Just a few months ago I sat at Mweka Gate looking out at the luscious rainforest of Kilimanjaro waiting for one of our student fundraising groups to reach the gate and finish their six day long challenge of conquering the highest free standing mountain in the world. I suspect I will see them all slowly walking towards me any minute now looking emotional, exhausted but ultimately relieved and excited to have finished what I am sure will have been one of the most mentally and physically challenging things they have ever undertaken. I can’t help but feel exhilarated too whenever I see any climber reach the gate. Having conquered Kilimanjaro myself, all those emotions quickly bubble up as I laugh, cry and celebrate with our fundraisers. I watch people of all ages and nationalities skip, sing and dance their way to big group hugs in front of the Mweka gate sign to chants of ‘we made it!’ It’s clear that every climber feels as though they have just accomplished something extraordinary. Climbing one of the world’s tallest mountains is not, however, the first challenge that our fundraisers have overcome this year; to reach the summit of Kilimanjaro, they were required to fundraise £2990; half of which is a donation to Dig Deep, the other half pays for their trip costs.
Our 327 student fundraisers that signed up to a Dig Deep challenge back in September 2013 spent the last year digging deep by raising thousands of pounds for the charity… and what a year it has been! The fundraising challenges are aptly named; it isn’t easy taking on a fundraising challenge whilst at university; organisation, time management and lots of determination are key to raising money alongside studying for a degree. However, I know from personal experience that by signing up to a Dig Deep challenge they sign up to an experience of a lifetime. Students not only get the opportunity to go on an incredible trip and forge friendships and memories that will last forever but are also able to develop or gain many new skills throughout the year.
It has been an absolute pleasure to watch our students grow in confidence as they have thrown themselves into their fundraising; venturing outside their comfort zones and getting involved in things they never thought they would. Standing in the street with a bucket asking strangers for donations or selling cakes to poor students requires salesmanship, creativity and perseverance; skills that they will need in their professional careers. They push their own boundaries by throwing themselves out of planes, jumping off cranes and performing on stage in front of their peers all in the name of charity. I want our fundraisers to enjoy fundraising as much as I did when I was at university and see it as an opportunity to meet new people, get involved in extra-curricular activities and learn how to organise, advertise and sell events. We love working with students as not only do they come up with crazy, fun and original ways to fundraise but they also throw so much energy into seeing their ideas come to fruition. We have seen some fantastic events organised by our fundraisers this year: summer fayres, Santa-cyclethons, speed-dating, comedy shows, club nights, sports tournaments and a dazzling burlesque night in which one of our fundraiser’s was brave enough to perform! On top of this, maybe for the first time our fundraisers are part of a team project and over the year and during the trek they bond in a way that is incredibly touching. At the end of each year, they come to refer to each other as families and I like to think that they have all become part of the Dig Deep family too. I know that they will leave university with so much more than a qualification and that, to me, is what makes the student challenges programme so invaluable.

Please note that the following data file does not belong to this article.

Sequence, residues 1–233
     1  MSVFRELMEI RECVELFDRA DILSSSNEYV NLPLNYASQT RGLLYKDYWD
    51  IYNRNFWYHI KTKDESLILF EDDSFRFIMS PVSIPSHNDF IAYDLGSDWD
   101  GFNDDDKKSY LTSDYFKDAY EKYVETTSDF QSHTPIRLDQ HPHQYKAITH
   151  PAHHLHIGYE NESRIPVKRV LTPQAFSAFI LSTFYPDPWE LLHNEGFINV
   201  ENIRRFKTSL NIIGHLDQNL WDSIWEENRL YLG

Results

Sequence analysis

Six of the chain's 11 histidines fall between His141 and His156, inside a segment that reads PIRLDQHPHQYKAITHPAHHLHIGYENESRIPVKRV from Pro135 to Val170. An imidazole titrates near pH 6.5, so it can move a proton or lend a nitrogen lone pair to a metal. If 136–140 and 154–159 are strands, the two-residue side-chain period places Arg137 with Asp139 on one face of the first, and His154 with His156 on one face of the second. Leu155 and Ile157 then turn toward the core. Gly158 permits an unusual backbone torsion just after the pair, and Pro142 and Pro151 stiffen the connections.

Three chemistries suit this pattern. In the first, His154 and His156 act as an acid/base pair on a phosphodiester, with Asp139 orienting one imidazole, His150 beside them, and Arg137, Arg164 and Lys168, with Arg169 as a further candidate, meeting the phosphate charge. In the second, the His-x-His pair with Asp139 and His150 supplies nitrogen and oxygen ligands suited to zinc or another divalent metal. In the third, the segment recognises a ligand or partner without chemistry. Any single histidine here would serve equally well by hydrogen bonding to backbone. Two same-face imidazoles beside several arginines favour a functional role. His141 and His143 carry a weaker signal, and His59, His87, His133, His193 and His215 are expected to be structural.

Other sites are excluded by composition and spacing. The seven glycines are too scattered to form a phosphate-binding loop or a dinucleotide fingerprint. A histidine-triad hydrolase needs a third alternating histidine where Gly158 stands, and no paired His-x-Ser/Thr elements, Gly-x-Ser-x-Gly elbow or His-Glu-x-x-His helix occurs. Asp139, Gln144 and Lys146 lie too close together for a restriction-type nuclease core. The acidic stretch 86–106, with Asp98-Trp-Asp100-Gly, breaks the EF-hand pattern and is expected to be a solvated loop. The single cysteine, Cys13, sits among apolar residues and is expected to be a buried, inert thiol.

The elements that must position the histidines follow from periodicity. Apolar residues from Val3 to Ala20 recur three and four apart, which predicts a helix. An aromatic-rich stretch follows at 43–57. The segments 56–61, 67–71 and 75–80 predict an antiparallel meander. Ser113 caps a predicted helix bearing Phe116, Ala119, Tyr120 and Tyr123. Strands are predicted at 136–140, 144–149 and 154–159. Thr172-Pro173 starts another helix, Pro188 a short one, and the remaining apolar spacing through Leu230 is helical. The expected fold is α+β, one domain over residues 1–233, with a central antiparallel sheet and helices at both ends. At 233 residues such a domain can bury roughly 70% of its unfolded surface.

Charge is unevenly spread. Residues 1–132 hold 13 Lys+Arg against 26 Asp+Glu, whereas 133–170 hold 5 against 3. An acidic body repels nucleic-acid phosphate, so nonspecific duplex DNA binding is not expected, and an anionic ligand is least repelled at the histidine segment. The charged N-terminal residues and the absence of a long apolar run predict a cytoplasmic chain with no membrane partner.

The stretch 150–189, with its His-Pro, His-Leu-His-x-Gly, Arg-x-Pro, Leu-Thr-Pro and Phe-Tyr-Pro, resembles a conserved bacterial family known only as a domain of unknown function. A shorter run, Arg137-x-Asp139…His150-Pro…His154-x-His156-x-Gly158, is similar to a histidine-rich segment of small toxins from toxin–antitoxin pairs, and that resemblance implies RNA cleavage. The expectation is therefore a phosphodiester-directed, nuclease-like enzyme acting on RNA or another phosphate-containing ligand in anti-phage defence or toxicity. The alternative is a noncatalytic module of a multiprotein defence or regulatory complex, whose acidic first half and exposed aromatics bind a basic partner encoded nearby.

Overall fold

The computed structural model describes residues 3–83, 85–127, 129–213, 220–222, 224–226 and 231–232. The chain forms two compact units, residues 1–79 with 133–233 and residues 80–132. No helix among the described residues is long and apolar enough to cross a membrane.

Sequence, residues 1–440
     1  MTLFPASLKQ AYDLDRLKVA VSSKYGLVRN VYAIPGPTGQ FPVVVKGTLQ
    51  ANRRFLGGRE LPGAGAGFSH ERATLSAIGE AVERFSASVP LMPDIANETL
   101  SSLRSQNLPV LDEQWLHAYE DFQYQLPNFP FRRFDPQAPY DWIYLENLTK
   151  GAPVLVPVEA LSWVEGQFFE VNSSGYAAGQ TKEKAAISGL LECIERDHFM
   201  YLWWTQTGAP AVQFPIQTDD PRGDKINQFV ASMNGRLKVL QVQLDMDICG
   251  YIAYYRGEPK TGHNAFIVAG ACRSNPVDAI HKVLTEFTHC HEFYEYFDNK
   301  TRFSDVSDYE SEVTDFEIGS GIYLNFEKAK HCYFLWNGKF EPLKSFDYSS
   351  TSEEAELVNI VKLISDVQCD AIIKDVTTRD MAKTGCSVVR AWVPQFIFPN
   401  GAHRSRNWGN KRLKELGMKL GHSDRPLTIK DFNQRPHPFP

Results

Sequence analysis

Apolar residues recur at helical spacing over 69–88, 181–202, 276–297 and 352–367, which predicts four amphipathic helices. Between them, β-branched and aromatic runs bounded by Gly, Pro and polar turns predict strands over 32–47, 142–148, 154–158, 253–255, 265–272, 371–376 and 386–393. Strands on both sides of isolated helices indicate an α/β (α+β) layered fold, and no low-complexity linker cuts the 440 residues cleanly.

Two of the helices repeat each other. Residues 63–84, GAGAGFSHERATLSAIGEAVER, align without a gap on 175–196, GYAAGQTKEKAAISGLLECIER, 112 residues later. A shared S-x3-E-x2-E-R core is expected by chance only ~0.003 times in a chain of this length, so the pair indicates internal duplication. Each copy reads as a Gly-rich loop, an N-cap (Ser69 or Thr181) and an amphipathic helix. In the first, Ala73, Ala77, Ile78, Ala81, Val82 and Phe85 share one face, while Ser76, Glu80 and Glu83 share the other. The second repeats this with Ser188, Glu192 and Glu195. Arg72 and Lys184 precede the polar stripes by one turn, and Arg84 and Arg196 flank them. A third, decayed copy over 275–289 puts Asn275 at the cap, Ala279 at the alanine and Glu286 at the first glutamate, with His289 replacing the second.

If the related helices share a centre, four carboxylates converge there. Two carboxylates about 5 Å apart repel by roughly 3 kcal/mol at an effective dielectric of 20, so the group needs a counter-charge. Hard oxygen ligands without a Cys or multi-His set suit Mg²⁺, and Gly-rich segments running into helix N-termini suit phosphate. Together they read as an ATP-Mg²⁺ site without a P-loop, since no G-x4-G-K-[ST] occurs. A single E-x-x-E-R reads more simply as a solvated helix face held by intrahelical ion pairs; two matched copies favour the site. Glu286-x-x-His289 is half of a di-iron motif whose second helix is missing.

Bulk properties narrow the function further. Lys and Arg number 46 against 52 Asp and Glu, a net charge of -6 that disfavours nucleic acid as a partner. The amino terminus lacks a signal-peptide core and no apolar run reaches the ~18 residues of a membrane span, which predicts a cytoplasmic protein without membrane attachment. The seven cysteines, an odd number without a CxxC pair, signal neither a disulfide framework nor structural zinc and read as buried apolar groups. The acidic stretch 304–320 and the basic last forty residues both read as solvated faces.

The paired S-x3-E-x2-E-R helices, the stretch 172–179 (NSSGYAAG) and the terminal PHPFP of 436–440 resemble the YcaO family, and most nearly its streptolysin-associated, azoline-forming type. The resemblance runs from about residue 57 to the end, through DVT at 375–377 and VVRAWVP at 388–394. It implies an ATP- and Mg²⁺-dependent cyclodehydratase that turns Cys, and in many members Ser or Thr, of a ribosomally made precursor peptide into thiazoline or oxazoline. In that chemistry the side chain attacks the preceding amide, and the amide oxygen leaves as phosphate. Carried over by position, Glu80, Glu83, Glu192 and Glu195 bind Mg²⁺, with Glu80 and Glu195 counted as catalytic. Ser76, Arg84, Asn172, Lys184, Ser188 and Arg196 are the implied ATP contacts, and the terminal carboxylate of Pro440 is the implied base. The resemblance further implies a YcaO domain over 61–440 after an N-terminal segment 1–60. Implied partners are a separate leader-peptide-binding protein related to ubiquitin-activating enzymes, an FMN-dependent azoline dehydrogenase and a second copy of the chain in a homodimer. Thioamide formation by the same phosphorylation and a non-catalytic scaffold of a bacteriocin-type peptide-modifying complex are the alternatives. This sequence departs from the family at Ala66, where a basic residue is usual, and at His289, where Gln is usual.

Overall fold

It is difficult for us to express to our fundraisers exactly how much of an impact the money that they have raised has in the communities that we work with in South-West Kenya. It is probably hard for them to visualise that the money raised from a pub quiz or car boot sale could pay for a teacher training session on hygiene promotion that will cause a dramatic decrease in illness and absences amongst school children. I was lucky enough to visit our projects a couple of week’s ago and it was amazing to not only see where the money from this year’s fundraisers has been spent but how many more projects the charity has been able to fund due to the challenges programme.
One of my favourite Dig Deep projects is at a wonderful girl’s school called Kagasek, which I visited two years ago. I was taken aback by the issues that the girls faced; they missed hours of school each week collecting water from a fetid pond (that they had to pay for) and missed a week of school every month when they were menstruating due to the lack of any facilities at the school. It was hard to see the girls suffering from problems that could be so easily solved with a little help, but the commitment of the staff to change their circumstances and build a better school was overwhelming and admirable. Last year Dig Deep built a rain water harvesting project at Kagasek along with a new toilet block and the transformation was incredible; enrolment went from 50 to 150 girls and absences decreased by 85%. This project cost, which is the amount that just 5 of our fundraisers raised throughout the year. The money from the challenges will be able to fund 24 more projects like the one at Kagasek which is just brilliant.
So I would like to take this opportunity to thank our student fundraisers for their hard work and commitment to Dig Deep in 2014. Your efforts have already made such a big difference to the people we work with –I hope you feel your blisters and bruised toes are a worthy sacrifice!